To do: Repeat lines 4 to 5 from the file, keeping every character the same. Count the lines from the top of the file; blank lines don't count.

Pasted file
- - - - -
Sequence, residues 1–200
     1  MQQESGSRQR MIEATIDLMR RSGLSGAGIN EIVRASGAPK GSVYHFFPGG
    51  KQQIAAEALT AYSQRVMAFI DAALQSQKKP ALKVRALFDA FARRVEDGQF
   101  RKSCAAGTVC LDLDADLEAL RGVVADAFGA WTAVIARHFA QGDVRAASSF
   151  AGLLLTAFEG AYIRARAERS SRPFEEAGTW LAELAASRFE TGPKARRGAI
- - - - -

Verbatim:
   101  RKSCAAGTVC LDLDADLEAL RGVVADAFGA WTAVIARHFA QGDVRAASSF
   151  AGLLLTAFEG AYIRARAERS SRPFEEAGTW LAELAASRFE TGPKARRGAI